Precision engineering and precious metals come together in the latest Le Gramme collection – ‘cable bracelets’ drawing inspiration from architecture and the construction of cable-stayed bridges.
San Francisco, Yokohama, Normandy, Sydney, Suez... examples of these monumental structures are found on every continent. Recognisable by their twisted-metal cable stays anchored to huge pylons that support the deck, they seem to naturally defy the laws of gravity. It is undoubtedly the rigorous approach to each step – installing the pylons, tensioning the cables, calculating the spans – that gives them this almost musical majesty found in string instruments. There are two main configurations for the cable stays on this type of bridge: fan and harp design.
Since the first two cable-stayed bridges, which were constructed almost simultaneously in France and Sweden in the 1950s (Donzère-Mondragon in the Auvergne of France and Strömsund in Sweden), some 150 such bridges have been built worldwide. Each new construction draws on multiple skills, faces new technological challenges and sets new records. The Russky Bridge in Vladivostok is currently the world’s longest, with its 1,104-metre deck (compared to 1,088 metres for the Sutong Bridge in China and 856 metres for the Pont de Normandie in France) and its 584-metre cable stays. It can withstand the effects of marine conditions and extreme cold, including Siberian storms. The Millau Viaduct in France – with its 343-metre pylons lifting the deck 270 metres above the ground – is also a record holder.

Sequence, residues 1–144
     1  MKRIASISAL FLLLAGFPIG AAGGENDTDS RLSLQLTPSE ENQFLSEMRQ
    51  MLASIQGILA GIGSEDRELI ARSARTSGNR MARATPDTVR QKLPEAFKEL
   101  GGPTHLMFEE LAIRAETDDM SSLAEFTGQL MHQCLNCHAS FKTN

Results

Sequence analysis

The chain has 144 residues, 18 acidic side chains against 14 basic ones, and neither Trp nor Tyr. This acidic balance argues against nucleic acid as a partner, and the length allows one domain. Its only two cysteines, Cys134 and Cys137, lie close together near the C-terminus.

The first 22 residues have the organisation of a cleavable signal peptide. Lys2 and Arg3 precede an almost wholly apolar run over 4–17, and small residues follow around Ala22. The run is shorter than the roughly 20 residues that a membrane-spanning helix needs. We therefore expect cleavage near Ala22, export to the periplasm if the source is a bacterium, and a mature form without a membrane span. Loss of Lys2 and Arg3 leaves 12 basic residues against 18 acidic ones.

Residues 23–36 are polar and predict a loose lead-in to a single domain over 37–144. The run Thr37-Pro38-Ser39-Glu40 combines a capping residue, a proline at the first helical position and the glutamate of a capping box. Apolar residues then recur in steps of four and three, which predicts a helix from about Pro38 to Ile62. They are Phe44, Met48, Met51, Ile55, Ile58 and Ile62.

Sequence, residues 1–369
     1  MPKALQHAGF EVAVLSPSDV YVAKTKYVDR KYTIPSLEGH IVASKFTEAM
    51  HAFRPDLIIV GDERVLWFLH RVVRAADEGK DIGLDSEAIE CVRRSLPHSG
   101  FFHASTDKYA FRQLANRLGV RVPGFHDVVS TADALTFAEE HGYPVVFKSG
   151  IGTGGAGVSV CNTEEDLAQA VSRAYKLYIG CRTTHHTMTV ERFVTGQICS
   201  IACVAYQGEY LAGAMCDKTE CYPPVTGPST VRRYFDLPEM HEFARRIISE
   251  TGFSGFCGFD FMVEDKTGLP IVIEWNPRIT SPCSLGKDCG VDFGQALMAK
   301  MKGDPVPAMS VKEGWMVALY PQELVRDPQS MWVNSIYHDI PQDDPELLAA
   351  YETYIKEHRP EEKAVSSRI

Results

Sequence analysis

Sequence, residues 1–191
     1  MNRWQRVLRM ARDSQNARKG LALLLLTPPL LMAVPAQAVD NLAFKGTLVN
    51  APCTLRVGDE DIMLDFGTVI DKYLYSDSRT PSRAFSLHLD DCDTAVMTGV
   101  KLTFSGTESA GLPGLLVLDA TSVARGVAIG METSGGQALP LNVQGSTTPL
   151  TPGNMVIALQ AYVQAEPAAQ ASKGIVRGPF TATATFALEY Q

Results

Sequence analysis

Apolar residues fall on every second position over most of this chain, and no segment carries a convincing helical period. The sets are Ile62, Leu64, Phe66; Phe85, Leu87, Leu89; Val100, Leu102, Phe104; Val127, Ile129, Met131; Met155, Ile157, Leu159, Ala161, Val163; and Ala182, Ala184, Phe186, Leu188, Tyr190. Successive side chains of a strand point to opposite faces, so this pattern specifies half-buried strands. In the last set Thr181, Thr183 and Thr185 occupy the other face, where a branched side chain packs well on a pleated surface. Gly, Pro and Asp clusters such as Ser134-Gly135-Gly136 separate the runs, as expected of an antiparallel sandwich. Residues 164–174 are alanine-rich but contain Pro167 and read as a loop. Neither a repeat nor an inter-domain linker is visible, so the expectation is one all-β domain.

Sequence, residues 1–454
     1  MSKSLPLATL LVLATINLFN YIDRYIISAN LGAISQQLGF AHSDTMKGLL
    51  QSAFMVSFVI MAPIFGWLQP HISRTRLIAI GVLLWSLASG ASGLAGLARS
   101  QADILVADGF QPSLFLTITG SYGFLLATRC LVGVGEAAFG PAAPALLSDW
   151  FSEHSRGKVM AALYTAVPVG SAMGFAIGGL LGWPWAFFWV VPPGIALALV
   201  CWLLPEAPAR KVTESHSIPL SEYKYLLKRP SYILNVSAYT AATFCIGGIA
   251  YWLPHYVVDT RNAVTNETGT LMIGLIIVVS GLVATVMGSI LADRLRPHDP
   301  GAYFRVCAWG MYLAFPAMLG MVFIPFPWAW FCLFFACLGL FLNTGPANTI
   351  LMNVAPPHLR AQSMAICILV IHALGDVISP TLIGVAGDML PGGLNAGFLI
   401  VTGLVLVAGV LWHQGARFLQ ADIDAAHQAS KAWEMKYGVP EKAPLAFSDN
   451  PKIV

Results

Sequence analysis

The combination of lightness and solidity inherent in these bridges has inspired LE GRAMME to juxtapose the strength evoked by the cable and the preciousness of silver and gold, creating its own version of an indestructible connection with a resolutely masculine approach to design.
For these new worn objects, LE GRAMME reinterprets the cable stay, transforming 925 sterling silver and 750 gold, drawing out these precious metals into multiple strands of silver or gold wire which are combined to vary the diameter of each cable. The ferrule on the cable stays has metamorphosed into a clasp with an invisible join. While functional in essence, the clasp has a jewel-like quality; its diameter varies according to that of the cable and it can be left visible or worn under the wrist. Its tubular structure is moreover slightly reminiscent of another architectural icon favoured by LE GRAMME – the Pompidou Centre in Paris, which echoed the utopian architectural ideas that came out of Archigram and Superstudio in the 1960s.
Photographer: Victoire Le Tarnec
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